Results 1 to 7 of 7

Math Help - Solving partial of ODE to zero

  1. #1
    Newbie
    Joined
    Sep 2010
    Posts
    8

    Solving partial of ODE to zero

    Hi guys, I have attached my derivation in the image below. Im not solving the ode, but I need a relationship in this equation. To solve that, I need to make the final part which is

    Code:
     [-B/1.101e-17+BN(t)-betaBN(t)]S(t)
    to zero, is there anyway that I could make it zero, any theorem that could solve this, I need this very urgently, I am almost solving my own relationship in my system.

    Please suggest what I can do. Thank you.
    Attached Thumbnails Attached Thumbnails Solving partial of ODE to zero-derivation.jpg  
    Follow Math Help Forum on Facebook and Google+

  2. #2
    A Plied Mathematician
    Joined
    Jun 2010
    From
    CT, USA
    Posts
    6,318
    Thanks
    4
    Awards
    2
    Well, as I see it, there are four ways to make that expression zero.

    1. B=0. Probably not acceptable, I'm guessing.
    2. S(t)=0. See above.
    3. N(t) is a constant, derived as follows:

    -\dfrac{B}{1.101\times 10^{-17}}+B\,N(t)-\beta\,B\,N(t)=0

    N(t)-\beta\,N(t)=\dfrac{1}{1.101\times 10^{-17}}

    N(t)=\dfrac{1}{(1.101\times 10^{-17})(1-\beta)}.

    4. Finally, you could have \beta defined as a function of t thus:

    -\dfrac{B}{1.101\times 10^{-17}}+B\,N(t)-\beta\,B\,N(t)=0

    -\dfrac{B}{1.101\times 10^{-17}}+B\,N(t)=\beta\,B\,N(t)

    \beta=\dfrac{-\frac{B}{1.101\times 10^{-17}}+B\,N(t)}{B\,N(t)}.

    Since there are no other variables, and all of the variables show up in the equation in a linear fashion, I see no other ways to make the expression zero.

    Hope this helps.
    Follow Math Help Forum on Facebook and Google+

  3. #3
    Newbie
    Joined
    Sep 2010
    Posts
    8
    Hi Ackbeet, thank you very much for the help, I have actually solved it, thanks a lot! May I ask you one more question? Attached is the differential equation that I want to solve both numerically and analytically, numerically done.

    But analytically what method could I use? There is so many methods in differential equations. Please advice on this.
    Attached Thumbnails Attached Thumbnails Solving partial of ODE to zero-new-ode.jpg  
    Follow Math Help Forum on Facebook and Google+

  4. #4
    Behold, the power of SARDINES!
    TheEmptySet's Avatar
    Joined
    Feb 2008
    From
    Yuma, AZ, USA
    Posts
    3,764
    Thanks
    78
    Quote Originally Posted by thavamaran View Post
    Hi Ackbeet, thank you very much for the help, I have actually solved it, thanks a lot! May I ask you one more question? Attached is the differential equation that I want to solve both numerically and analytically, numerically done.

    But analytically what method could I use? There is so many methods in differential equations. Please advice on this.
    The equation can be solved via an integrating factor.

    \displaystyle \frac{dz}{dt}-\left( \frac{-1+\beta}{\tau_n}{\right)z(t)=\Gamma\left( \frac{I(t)}{qv}\right)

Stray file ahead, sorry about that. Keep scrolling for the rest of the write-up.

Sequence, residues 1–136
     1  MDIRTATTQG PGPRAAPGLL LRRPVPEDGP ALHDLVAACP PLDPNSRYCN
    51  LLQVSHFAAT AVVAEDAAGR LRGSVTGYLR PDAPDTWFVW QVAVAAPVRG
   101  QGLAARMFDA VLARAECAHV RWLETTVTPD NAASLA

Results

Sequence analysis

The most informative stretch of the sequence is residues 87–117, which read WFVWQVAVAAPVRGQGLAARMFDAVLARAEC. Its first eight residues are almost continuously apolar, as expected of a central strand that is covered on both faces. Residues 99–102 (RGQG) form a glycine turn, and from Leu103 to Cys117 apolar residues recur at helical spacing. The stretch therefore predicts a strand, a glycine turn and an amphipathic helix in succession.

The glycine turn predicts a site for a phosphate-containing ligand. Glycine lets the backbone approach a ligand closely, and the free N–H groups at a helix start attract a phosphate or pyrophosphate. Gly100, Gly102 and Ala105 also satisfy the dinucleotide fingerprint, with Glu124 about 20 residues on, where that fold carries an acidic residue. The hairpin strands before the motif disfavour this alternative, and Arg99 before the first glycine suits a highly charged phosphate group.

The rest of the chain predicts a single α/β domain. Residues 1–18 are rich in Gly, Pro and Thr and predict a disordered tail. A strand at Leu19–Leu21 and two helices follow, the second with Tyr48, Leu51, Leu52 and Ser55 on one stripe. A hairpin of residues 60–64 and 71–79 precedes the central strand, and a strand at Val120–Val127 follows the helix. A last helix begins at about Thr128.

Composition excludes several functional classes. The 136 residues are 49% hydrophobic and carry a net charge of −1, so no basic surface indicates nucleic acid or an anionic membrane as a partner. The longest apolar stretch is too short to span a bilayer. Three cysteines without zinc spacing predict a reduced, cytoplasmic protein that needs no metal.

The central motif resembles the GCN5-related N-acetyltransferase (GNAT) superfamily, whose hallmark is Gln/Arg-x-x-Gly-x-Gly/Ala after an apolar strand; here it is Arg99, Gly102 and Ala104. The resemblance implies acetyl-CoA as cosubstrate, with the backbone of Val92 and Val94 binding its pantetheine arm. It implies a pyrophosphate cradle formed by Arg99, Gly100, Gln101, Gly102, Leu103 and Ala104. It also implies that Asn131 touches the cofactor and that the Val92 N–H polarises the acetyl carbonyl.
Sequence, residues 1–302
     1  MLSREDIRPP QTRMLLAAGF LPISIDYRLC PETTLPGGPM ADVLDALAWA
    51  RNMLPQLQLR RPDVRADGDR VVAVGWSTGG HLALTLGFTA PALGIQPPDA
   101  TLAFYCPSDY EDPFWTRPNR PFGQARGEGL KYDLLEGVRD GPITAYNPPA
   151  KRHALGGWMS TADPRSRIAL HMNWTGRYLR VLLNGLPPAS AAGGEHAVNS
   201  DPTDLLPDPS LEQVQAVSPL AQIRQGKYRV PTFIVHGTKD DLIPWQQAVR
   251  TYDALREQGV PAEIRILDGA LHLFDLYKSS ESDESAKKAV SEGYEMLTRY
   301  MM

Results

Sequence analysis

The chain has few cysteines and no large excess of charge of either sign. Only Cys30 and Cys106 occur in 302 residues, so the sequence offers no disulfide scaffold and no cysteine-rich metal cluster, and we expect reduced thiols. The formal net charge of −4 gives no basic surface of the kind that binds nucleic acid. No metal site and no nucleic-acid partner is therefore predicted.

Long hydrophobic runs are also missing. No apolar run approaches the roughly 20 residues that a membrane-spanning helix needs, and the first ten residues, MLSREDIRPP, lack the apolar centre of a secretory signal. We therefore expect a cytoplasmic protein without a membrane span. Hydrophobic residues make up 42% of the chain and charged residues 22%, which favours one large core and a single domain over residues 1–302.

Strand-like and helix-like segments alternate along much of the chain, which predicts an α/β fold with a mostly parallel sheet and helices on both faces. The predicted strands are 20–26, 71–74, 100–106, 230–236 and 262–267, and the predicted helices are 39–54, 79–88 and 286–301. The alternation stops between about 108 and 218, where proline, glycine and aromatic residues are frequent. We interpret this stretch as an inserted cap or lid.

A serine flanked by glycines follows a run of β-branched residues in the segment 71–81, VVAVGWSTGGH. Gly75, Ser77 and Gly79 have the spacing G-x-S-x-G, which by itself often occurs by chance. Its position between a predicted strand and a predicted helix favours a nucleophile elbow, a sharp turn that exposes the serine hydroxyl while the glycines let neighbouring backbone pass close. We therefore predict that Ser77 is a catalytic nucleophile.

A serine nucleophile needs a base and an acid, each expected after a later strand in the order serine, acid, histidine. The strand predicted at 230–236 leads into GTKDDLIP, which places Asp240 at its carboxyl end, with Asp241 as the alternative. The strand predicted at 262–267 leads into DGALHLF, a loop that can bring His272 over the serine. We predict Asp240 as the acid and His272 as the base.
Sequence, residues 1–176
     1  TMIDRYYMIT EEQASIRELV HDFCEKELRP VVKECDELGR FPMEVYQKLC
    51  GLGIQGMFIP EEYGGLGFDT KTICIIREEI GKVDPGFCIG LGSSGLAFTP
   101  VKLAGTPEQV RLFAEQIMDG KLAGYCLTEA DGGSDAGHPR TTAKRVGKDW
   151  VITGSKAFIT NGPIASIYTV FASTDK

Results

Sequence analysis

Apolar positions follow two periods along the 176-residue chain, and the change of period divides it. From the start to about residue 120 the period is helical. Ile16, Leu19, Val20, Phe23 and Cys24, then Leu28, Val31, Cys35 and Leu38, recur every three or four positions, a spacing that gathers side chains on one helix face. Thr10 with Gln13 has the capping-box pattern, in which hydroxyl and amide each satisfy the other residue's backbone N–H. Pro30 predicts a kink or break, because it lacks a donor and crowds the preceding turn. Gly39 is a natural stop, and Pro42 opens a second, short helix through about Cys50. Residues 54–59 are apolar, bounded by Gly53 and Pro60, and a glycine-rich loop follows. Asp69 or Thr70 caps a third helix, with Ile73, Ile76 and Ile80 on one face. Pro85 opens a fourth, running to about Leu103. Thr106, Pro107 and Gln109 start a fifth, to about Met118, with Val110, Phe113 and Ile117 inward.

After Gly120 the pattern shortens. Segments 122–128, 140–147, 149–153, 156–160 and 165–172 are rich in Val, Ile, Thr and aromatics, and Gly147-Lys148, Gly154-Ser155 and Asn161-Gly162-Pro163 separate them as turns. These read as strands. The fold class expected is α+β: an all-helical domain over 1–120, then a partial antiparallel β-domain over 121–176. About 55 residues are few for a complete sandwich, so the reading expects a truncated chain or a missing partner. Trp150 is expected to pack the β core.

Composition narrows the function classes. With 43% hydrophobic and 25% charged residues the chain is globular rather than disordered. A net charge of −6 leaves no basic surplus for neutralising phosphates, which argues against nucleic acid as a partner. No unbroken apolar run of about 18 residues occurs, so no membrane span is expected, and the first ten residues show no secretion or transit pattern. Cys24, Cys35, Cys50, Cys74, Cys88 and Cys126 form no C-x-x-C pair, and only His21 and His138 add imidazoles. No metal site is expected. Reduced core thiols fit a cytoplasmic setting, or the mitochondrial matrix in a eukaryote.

Your integrating factor would be

    \displaystyle e^{\int -\left( \frac{-1+\beta}{\tau_n}\right)dt}= e^{ -\left( \frac{-1+\beta}{\tau_n}\right)t}

    \displaystyle \frac{d}{dt}\left[ e^{ -\left( \frac{-1+\beta}{\tau_n}\right)t} \cdot z(t)\right]=e^{ -\left( \frac{-1+\beta}{\tau_n}\right)t}\Gamma\left( \frac{I(t)}{qv}\right)

    Now just integrate and solve for z(t)
    Follow Math Help Forum on Facebook and Google+

  5. #5
    Newbie
    Joined
    Sep 2010
    Posts
    8
    Hi there, first of all thank you very much for the reply. I found earlier integrating factor is one of the method, but its rather very confusing, like in this case, I dont get why you picked \displaystyle {-1+\beta}{\tau_n} as the integrating factor? Thank you very much for the guidance.
    Follow Math Help Forum on Facebook and Google+

  6. #6
    Newbie
    Joined
    Sep 2010
    Posts
    8
    Hi mate, thanks again, I found the solution for my earlier question! Thanks a lot, I will get back to you after the derivation. Thanks!
    Follow Math Help Forum on Facebook and Google+

  7. #7
    A Plied Mathematician
    Joined
    Jun 2010
    From
    CT, USA
    Posts
    6,318
    Thanks
    4
    Awards
    2
    For a first-order linear DE in standard form, which is

    y'+P(x)\,y=Q(x),

    the integrating factor is

    \displaystyle e^{\int P(x)\,dx}. That's how TheEmptySet picked the integrating factor.
    Follow Math Help Forum on Facebook and Google+

Similar Math Help Forum Discussions

  1. [SOLVED] Solving Partial Fractions
    Posted in the Algebra Forum
    Replies: 2
    Last Post: August 23rd 2011, 06:34 PM
  2. solving partial fractions manually
    Posted in the Algebra Forum
    Replies: 3
    Last Post: February 13th 2011, 02:00 AM
  3. Solving an integral using partial fractions
    Posted in the Calculus Forum
    Replies: 2
    Last Post: July 1st 2010, 05:31 PM
  4. Replies: 5
    Last Post: November 23rd 2009, 12:17 PM
  5. solving partial differential equations using complex numbers
    Posted in the Differential Equations Forum
    Replies: 1
    Last Post: March 11th 2009, 09:10 AM

Search Tags


/mathhelpforum @mathhelpforum